Dia Center for the Arts is currently presenting new installations by Stan Douglas and Douglas Gordon in an exhibition titled "Double Vision." The two works are on view on the second floor of Dia's galleries at 548 West 22nd Street through June 13, 1999. This exhibition will reopen in Fall 1999. Please note that Dia is now open to the public Wednesday through Sunday, 12 noon to 6 pm.
Stan Douglas presents a new video work entitled Win, Place, or Show, which is projected on a double screen and takes as its point of departure the fundamental transformation of civic space in North America during the postwar era, initiated at an institutional level under the rubric of "urban renewal." In Win, Place, or Show, two dock workers share a tenth-floor, one-bedroom apartment in Vancouver. The endlessly looping, six-minute work chronicles an antagonistic conversation that flares up on a wet day-off. After erupting into physical violence, it then lapses into weary irritation, only to be rekindled into a smoldering verbal friction.
Douglas shot the scene simultaneously from twelve different points of view. When installed, a computer cuts the takes together in real time, generating an almost endless series of montages; for each time the scene repeats, it repeats differently. As a result, the viewer's identification shifts from one antagonist to another, to both, to neither. "But the work is less concerned with the narration of the event than with the space of its unfolding," Douglas argues, "like the obsessive remembrance and reconsideration of a traumatic incident in one's life that cannot be resolved because its true cause was elsewhere, and remains unavailable to the space of memory."
While Stan Douglas uses time in the guise of history and historical memory, Douglas Gordon often shifts and manipulates time scales, starting with found material, such as a feature-length film. Gordon's new work, left is right and right is wrong and left is wrong and right is right, takes as its point of departure a little-known film made in 1949 by Hollywood director Otto Preminger titled Whirlpool. Gordon's editing separates all the odd-numbered frames onto one video disc, the even onto a second: black leader occupies the space of the missing frames in each. When the two are projected side by side as an installation the one on the left is reversed. The soundtrack of Preminger's film is treated similarly.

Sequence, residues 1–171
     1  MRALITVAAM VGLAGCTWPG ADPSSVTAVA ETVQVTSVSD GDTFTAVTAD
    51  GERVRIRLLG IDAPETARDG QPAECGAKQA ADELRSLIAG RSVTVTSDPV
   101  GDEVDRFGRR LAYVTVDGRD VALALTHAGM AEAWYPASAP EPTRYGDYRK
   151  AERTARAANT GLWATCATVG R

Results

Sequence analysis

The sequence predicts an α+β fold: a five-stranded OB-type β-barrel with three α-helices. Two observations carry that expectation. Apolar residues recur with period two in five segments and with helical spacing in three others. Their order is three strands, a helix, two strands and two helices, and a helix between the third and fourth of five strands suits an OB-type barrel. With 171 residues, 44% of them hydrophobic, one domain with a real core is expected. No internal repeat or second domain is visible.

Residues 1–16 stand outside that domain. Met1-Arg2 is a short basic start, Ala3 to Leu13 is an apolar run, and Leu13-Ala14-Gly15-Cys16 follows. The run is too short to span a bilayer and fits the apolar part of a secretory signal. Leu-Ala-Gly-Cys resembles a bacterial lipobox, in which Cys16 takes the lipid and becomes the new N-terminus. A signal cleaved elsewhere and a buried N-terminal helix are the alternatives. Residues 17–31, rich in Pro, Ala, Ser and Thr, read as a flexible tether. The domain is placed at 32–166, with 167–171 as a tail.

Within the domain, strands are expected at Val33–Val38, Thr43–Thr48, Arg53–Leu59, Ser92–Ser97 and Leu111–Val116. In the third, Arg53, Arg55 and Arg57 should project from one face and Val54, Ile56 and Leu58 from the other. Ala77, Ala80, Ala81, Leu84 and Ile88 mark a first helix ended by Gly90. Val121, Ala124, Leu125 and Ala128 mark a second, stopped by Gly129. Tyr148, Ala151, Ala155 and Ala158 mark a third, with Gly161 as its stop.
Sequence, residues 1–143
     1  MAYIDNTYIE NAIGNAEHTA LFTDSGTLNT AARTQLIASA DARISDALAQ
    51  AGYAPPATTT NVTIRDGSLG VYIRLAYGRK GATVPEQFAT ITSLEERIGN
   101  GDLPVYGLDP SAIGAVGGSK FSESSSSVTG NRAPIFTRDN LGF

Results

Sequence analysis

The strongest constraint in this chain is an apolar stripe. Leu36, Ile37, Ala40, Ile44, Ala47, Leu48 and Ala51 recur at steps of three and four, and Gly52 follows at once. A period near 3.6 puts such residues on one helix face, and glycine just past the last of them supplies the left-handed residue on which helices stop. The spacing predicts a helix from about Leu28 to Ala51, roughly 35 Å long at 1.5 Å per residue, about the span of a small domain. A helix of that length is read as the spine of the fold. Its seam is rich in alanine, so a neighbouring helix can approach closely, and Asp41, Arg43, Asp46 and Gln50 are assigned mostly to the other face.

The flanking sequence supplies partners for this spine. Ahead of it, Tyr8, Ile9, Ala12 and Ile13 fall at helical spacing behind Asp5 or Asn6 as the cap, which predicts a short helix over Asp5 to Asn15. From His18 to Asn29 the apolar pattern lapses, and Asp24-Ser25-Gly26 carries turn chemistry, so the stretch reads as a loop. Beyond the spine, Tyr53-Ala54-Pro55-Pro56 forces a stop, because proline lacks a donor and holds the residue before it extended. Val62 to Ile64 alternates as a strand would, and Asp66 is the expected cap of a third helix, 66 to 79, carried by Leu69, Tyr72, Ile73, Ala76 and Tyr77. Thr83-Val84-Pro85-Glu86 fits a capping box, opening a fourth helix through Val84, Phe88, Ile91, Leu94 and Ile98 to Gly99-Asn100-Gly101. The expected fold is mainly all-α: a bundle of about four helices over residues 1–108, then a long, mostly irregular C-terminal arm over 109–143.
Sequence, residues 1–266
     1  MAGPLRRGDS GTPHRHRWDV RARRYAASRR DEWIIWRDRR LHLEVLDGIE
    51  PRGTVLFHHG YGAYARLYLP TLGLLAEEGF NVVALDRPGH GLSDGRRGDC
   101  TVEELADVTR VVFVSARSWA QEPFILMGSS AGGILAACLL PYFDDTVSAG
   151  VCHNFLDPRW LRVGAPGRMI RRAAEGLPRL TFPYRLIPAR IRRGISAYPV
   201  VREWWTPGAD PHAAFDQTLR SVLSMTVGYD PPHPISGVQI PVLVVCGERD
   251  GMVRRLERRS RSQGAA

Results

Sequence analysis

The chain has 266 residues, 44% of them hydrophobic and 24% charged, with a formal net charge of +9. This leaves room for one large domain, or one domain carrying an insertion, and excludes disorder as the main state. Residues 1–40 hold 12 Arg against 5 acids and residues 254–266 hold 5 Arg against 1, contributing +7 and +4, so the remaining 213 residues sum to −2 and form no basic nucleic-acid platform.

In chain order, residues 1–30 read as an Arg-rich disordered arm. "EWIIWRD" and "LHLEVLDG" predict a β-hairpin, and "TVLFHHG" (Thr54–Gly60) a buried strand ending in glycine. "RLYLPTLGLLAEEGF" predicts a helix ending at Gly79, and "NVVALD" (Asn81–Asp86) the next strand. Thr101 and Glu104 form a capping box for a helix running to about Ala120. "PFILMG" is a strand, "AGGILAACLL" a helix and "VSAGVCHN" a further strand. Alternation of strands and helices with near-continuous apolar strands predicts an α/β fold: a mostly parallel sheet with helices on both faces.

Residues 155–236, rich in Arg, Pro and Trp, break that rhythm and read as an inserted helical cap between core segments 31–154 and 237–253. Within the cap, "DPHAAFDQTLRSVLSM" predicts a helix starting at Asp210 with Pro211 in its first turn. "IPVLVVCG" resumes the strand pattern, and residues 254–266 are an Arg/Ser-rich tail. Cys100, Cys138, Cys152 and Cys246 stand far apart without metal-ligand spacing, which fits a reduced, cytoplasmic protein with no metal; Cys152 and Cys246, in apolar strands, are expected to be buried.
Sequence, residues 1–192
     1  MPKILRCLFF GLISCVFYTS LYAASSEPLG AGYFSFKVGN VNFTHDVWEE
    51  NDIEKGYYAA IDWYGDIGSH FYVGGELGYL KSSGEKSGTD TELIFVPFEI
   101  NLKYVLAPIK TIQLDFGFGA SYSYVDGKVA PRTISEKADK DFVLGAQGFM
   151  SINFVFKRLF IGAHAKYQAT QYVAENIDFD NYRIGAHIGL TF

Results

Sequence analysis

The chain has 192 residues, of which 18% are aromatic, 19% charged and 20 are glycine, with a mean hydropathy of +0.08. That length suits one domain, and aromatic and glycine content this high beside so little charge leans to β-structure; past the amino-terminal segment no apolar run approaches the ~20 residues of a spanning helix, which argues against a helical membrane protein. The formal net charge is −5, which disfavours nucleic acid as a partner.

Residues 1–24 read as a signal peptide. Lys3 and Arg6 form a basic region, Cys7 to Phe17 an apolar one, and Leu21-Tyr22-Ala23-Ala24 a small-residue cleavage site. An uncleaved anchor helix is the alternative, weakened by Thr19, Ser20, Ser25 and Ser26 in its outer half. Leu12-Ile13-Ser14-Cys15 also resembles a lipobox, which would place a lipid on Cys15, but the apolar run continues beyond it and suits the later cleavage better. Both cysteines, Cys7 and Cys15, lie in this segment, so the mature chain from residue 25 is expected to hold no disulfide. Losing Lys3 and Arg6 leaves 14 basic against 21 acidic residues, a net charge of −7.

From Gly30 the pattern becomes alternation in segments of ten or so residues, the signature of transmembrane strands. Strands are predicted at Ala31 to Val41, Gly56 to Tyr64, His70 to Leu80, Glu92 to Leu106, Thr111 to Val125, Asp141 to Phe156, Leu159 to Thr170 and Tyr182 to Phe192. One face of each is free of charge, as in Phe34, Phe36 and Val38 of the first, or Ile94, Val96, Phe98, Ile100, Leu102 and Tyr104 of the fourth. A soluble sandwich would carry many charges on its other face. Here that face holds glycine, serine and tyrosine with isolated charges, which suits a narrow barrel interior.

The resulting stroboscopic flicker engenders a strong visual impact, mimicking the act of hypnosis on which Whirlpool's plot turns. Psychic disorder, the core theme of this narrative, is a subject of central importance in Gordon's art for it provides the occasion, in works based sometimes in fact, sometimes in fiction, for a study of fundamental existential dilemmas; between good and evil, freedom and necessity, or existence and nonexistence. Gordon instantiates this dialectical tension, drawing it out by slowing down the projection, or by doubling it, or through a mirror inversion, or repetition, or more complex techniques as found in this, his latest work. By means of such disarmingly simple means he gives incisive, aphoristic form to psychological trauma, moral predicament, and the passage from one mental state to its pathological contrary.
Stan Douglas was born in 1960 in Vancouver, where he currently lives and works. In 1995 Douglas was in the 1995 Carnegie International and the 1995 Whitney Biennial, and in 1997 he was included in Sculptur Projekte, Münster, as well as Documenta X in Kassel.
Douglas Gordon was born in Glasgow in 1966. He now lives and works in Glasgow and Cologne. Gordon was the 1996 recipient of Britain's Turner Prize and in 1997 was awarded Premio 2000 at the Venice Biennial. He was included in Sculptur Projekte, Münster, in 1997 and was the 1998 recipient of the Guggenheim Museum's Hugo Boss Prize.
Support for this project has been provided by the Lannan Foundation and the Dia Art Council, the major annual support group of Dia Center for the Arts; with additional assistance from the New York State Council on the Arts; the British Council; agnès b., New York and Paris; and the British Columbia Arts Council.
Dia Center for the Arts is a tax-exempt charitable organization. Established in 1974, the organization has become one of the largest in the United States dedicated to contemporary art and contemporary culture. In fulfilling this commitment, Dia sustains diverse programming in visual arts, poetry, education, and critical discourse and debate.
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For additional information or materials contact:
Press Department, Dia Art Foundation, firstname.lastname@example.org or 212 293 5518